If you’ve noticed changes to your nails, it might not be wise to ignore them. While some changes in color, texture, or shape can be benign, others can be a sign of an underlying illness. Some nail issues require the immediate attention of a dermatologist. If you’ve noticed any of the following problems, make a dermatology appointment as soon as possible.
- A dark streak could indicate melanoma. If you notice a new or changing dark streak under your fingernail or toenail, make an appointment with your dermatologist for a skin cancer check. If that dark streak is melanoma under your nail, it’s important to catch it early for successful treatment.
- When a nail lifts up, it could be for any one of several reasons. It could be an injury from an aggressive manicure or cleaning under your nails with something sharp. On the other hand, it might be a fungal infection or psoriasis. Your dermatologist can identify the cause, provide treatment if necessary, and give you tips to help your nail grow out the way it naturally should.
- Redness or swelling around a nail could mean an infection. If this is the case, you’ll want to have it diagnosed early so that it can be treated easily. If it becomes an open sore, it may require more significant treatment.
- Nails that change color could be a bad sign. Blue nails could be a sign of a lack of oxygen, white nails could mean liver disease or diabetes, and pale nails could indicate anemia. If your nails are half-pink and half-white, it could be kidney disease, and red half-moons could be a sign of lupus, heart disease, arthritis, or dermatomyositis, while blue half-moons could signal poison. Greenish-black nails indicate infection, and sometimes yellow nails do too, but yellow nails can also point to lung disease. However, yellow nails can also come from wearing red nail polish or smoking. That’s why it’s important to have your doctor check them.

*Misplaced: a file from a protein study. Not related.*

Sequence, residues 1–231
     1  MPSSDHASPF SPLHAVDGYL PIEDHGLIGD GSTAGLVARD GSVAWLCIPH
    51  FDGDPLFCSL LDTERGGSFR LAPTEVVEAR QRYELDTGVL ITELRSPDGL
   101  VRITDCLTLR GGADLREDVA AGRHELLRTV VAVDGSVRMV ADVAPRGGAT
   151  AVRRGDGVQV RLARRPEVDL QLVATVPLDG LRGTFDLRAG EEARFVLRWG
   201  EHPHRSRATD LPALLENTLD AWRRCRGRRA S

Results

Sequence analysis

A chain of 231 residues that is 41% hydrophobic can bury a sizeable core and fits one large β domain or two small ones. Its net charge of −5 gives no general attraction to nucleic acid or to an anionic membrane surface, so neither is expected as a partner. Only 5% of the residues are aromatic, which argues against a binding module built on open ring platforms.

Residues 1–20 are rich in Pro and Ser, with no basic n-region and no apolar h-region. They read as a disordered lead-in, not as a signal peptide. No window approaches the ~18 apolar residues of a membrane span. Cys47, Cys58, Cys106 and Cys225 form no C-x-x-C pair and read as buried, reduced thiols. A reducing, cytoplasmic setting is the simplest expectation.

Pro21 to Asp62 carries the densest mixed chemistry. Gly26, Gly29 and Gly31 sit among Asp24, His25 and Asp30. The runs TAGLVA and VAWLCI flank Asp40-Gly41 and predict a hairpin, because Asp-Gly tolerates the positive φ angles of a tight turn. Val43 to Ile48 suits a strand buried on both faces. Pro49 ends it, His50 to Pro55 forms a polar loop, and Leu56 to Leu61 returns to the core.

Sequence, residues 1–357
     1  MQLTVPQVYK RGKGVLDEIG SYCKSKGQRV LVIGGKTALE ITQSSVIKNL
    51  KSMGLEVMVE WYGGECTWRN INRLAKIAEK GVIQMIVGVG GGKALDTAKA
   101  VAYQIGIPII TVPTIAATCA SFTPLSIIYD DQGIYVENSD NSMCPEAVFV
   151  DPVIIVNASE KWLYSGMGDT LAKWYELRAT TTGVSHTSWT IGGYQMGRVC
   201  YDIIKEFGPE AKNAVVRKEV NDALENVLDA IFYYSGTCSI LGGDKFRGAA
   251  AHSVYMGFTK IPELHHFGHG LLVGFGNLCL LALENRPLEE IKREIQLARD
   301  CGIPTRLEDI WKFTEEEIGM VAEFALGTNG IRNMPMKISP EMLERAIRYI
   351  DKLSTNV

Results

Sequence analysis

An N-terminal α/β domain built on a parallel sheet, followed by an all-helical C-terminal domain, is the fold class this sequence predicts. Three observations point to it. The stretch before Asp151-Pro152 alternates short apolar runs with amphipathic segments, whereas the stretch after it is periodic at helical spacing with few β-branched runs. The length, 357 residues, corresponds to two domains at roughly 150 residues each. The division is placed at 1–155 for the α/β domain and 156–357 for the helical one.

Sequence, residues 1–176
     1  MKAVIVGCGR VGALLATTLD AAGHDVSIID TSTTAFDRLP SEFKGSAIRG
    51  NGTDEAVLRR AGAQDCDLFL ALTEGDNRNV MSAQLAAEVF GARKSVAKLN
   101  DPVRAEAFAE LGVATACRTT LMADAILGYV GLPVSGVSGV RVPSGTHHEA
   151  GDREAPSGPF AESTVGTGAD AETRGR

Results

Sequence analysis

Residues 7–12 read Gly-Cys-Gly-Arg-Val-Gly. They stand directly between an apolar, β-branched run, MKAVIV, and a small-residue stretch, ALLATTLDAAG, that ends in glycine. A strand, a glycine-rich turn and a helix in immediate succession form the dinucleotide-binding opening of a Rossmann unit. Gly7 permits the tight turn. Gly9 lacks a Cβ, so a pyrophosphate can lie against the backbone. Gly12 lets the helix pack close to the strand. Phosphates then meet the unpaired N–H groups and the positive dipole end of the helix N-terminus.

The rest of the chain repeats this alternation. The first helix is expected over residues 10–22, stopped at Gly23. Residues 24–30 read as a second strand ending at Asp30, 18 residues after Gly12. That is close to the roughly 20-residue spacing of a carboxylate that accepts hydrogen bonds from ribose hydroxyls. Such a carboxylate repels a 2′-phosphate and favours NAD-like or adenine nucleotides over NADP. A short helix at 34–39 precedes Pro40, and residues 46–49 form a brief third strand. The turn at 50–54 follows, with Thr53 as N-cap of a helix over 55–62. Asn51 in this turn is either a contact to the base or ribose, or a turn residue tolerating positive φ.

- Nails that are too thick or too thin can mean trouble. Thick, overgrown nails can be a sign of psoriasis, ichthyosis, or circulation problems, and thin nails that dip in the middle like spoons can indicate poor nutrition.
- Grooves and pits warrant attention. Deep grooves across your nail mean that your nail growth slowed or stopped for a while. This can happen because of chemotherapy, a fever, or stress, but if you can’t identify the cause, talk to your doctor. Pitted nails can indicate psoriasis, atopic dermatitis, or alopecia areata.
Whenever you need the services of a board-certified dermatologist, you can trust Arlington Dermatology to take care of you. For over 40 years, our Board-Certified dermatologists have been serving patients, making our patients’ health and welfare our top priority. We offer innovative treatment methods using state-of-the-art medical equipment in our conveniently located, patient-friendly facility in Rolling Meadows, Illinois. For more information, contact us through our website or call 847-392-5440.